Highly recommend this one. Very intense - prefect if you love that sort of thing, and well worth it if that kind of genre is usually too much for you.
Imdb rating - 7.2 Rotten Tomatoes - 88%
The film tells true story of the life of Hannah Arendt, a Jewish German-American political-theorist and psychologist, after the second World War.
The plot focuses on her response to the 1961 trail of Adolf Eichmann, the man responsible for designing the Nazi concentration and extermination camps, which she covered in The New Yorker. Her article caused a huge amount of controversy due to her portrayal of Eichmann and the Jewish Councils and especially for the introduction of Arendt's now famous concept of the "banality of evil."
Many accused her of defending Eichmann with this concept and betraying her Jewish heritage. She says these people have not read nor understood her work. She explains it is a new type of crime. Eichmann claims he executed his orders by creating the extermination camps, but never actually killed anyone himself. A man, Eichmann, was on trial, not an ideology but Eichmann "renounced the qualities of personhood, thus showing that great evil is committed by 'nobodies' without motives or intentions" and this is what she called "the banality of evil".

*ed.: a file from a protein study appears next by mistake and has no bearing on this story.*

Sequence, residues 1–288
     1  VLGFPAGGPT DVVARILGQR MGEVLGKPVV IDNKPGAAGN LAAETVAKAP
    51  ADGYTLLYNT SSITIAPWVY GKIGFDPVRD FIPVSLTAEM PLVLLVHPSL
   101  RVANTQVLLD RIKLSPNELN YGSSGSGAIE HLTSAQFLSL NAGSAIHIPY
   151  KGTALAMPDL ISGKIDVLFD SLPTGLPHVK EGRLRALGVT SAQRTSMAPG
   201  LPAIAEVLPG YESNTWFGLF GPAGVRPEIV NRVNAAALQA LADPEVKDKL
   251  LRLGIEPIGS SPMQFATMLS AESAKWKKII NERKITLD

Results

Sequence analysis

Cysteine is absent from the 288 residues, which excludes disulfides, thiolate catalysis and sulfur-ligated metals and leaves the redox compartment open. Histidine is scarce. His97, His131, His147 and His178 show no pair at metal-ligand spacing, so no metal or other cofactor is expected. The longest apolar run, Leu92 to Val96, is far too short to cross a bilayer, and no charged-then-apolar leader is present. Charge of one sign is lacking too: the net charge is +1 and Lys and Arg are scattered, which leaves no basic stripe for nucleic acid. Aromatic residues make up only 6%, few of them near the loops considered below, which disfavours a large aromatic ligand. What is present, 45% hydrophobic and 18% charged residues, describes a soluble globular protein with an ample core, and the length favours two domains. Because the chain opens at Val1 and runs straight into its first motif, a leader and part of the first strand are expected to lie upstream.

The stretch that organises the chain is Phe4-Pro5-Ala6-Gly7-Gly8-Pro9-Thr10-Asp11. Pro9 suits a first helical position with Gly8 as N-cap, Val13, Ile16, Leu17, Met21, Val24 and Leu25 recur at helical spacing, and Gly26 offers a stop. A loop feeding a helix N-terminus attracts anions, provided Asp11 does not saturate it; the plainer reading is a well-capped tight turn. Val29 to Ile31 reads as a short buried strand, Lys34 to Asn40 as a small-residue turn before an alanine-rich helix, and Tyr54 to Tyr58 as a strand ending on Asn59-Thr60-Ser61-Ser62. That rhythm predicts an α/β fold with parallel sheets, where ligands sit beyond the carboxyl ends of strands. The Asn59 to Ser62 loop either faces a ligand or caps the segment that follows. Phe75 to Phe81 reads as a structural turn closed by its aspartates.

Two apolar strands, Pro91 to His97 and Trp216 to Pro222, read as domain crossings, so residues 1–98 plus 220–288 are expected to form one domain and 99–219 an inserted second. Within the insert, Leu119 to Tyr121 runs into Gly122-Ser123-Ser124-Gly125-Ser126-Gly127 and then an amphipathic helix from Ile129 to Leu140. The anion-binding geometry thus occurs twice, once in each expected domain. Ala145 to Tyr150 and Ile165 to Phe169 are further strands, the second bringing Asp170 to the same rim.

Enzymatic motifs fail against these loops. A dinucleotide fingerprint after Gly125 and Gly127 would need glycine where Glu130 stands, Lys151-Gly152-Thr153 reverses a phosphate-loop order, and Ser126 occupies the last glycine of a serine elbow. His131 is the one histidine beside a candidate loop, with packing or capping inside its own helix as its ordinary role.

From a psychological and historical point of view, this film really is a must-see. That part of history can tend to be over-documented, but this offers a more rare variation and insight of the post-WW2 era.